Even if the SSDI payments were not subject to discontinuance, however, the mere fact that the petitioner is receiving both payments is not a basis for the reduction.   Payments pursuant to General Municipal Law § 207-c constitute the disabled officer's salary and wages, not some additional compensation for the disability that is limited by the loss the officer has suffered or is subject to reduction as a collateral source payment under CPLR 4545(c).  That provision applies only to a judgment after trial (see Teichman v. Community Hosp. of W. Suffolk, 205 A.D.2d 16, 19, 617 N.Y.S.2d 338, affd. 87 N.Y.2d 514, 640 N.Y.S.2d 472, 663 N.E.2d 628).   Nor is it relevant that the Town contributed, through its payroll taxes, to the fund from which the SSDI benefits are paid.   The Town is obligated by law to pay those amounts (see Internal Revenue Code (26 USC) § 3111[a] ), without regard to any benefits that may be received by the petitioner or anyone else as a result.   In any event, neither the source of the funding for a sum that a disabled officer may receive, nor the potential for a duplicative recovery by the police officer by reason of the receipt of that sum, provides a basis for the claimed reduction (see Musgrove v. American Protection Ins. Co., 32 A.D.3d 916, 823 N.Y.S.2d 165).  General Municipal Law § 207-c(6), although creating a cause of action by a municipality that pays compensation to a disabled officer to recover against the tortfeasor who caused the police officer's injuries, similarly fails to support the Town's position, since neither the Social Security Administration nor the injured officer is a tortfeasor.   Although that provision was in fact enacted to prevent an injured officer from receiving a windfall, its plain language makes clear that the municipality merely stands in the shoes of the officer as against the tortfeasor, and not as against any other benefit provider (see Musgrove v. American Protection Ins. Co., supra;  Village of Suffern v. Baels, 215 A.D.2d 751, 627 N.Y.S.2d 420;  Foy v. Florczuk, 51 A.D.2d 534, 377 N.Y.S.2d 643;  see also City of Buffalo v. Maggio, 21 N.Y.2d 1017, 1018-1020, 291 N.Y.S.2d 1, 238 N.E.2d 494).

Whether it is fair or unfair for the petitioner to receive both General Municipal Law § 207-c payments and SSDI benefits is for the Legislature to decide.   The issue before us is, quite simply, what the Legislature has provided.   For the reasons that have been discussed, we conclude that the Legislature has provided that the Town may neither discontinue nor reduce its payment of the petitioner's full salary as a result of the petitioner's receipt of SSDI benefits.   Accordingly, the petition is reinstated, the Town's motion to dismiss the petition is denied, the petition is granted, the Town's determination is annulled, and the Town is directed to pay to the petitioner the amounts that were improperly withheld from his paycheck, retroactive to July 8, 2005, together with statutory interest on the sum deducted from each paycheck so affected, commencing on the date each paycheck was payable (see CPLR 5001[a],[b] ).  In light of this determination, we do not reach the petitioner's claim of a due process entitlement to a hearing.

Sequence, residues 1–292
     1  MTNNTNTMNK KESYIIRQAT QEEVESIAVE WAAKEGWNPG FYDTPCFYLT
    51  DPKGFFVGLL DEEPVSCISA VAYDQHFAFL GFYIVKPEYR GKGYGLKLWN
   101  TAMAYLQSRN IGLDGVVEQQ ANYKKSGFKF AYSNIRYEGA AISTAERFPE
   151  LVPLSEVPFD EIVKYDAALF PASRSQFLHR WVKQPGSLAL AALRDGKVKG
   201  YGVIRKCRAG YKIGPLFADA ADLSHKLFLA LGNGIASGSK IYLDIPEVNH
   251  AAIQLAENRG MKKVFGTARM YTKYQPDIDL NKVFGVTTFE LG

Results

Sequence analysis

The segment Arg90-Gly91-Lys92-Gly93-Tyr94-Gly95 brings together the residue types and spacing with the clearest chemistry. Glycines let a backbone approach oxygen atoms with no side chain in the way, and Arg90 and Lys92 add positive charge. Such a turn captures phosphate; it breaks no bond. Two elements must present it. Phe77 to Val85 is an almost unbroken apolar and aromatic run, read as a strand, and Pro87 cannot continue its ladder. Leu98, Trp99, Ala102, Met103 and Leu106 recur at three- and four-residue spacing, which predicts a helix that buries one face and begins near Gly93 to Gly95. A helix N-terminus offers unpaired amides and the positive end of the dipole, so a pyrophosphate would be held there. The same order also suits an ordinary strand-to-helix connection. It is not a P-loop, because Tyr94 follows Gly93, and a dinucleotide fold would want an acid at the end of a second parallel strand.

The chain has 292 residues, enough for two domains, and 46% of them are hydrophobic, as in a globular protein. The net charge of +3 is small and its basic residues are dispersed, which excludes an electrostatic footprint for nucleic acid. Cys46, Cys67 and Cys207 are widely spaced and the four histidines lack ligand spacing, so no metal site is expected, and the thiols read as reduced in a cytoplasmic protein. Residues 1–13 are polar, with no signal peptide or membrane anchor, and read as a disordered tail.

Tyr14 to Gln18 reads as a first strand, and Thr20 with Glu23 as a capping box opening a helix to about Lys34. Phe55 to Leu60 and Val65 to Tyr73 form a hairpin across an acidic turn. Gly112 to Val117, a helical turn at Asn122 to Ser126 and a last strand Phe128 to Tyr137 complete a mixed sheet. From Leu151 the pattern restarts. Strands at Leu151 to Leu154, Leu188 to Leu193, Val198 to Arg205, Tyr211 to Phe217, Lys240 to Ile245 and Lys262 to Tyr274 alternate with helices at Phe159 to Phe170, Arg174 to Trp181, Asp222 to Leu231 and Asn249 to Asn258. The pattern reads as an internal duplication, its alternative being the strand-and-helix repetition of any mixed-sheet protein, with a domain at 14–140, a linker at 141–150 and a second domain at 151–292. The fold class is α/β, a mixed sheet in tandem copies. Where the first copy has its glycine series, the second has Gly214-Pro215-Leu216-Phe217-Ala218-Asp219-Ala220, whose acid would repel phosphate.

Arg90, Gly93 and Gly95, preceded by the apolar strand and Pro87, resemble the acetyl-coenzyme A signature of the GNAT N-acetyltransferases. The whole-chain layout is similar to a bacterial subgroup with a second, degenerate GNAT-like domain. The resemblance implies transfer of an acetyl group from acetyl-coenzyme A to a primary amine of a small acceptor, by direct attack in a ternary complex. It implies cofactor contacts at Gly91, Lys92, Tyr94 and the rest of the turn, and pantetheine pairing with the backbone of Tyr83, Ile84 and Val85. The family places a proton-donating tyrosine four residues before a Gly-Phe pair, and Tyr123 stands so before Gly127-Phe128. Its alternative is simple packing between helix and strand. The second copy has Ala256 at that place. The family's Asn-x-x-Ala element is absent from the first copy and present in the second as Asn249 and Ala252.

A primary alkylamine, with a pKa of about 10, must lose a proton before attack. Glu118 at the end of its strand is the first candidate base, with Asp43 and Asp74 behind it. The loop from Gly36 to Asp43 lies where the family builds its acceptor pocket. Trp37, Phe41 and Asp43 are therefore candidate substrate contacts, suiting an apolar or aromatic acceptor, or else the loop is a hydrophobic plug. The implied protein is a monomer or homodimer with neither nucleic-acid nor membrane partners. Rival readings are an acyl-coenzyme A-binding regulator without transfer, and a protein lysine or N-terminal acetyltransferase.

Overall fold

ORDERED that the order and judgment is reversed, on the law, with costs, the petition is reinstated, the Town's motion to dismiss the petition is denied, the petition is granted, the Town's determination is annulled, and the Town is directed to pay the petitioner, retroactive to July 8, 2005, the amounts it deducted from the benefits provided to him pursuant to General Municipal Law § 207-c, consisting of the sums he received as Social Security Disability Insurance benefits, together with statutory interest on the sum deducted from each paycheck so affected, commencing on the date each paycheck was payable.


FOOTNOTE.   Unlike the similar provisions applicable to firefighters (see General Municipal Law § 207[a][2] ), the provision that is applicable here provides for a discontinuance of benefits, not a reduction.   Here, however, the Town chose only to reduce the petitioner's benefits and not to discontinue them.   Presumably, if it is within the discretion of the Town to discontinue the benefits, it would equally be within the Town's authority to discontinue those benefits in part, as it has done.   Since the issue before us is whether the Town has authority to reduce its payments in any amount, it is unnecessary for us to address this distinction.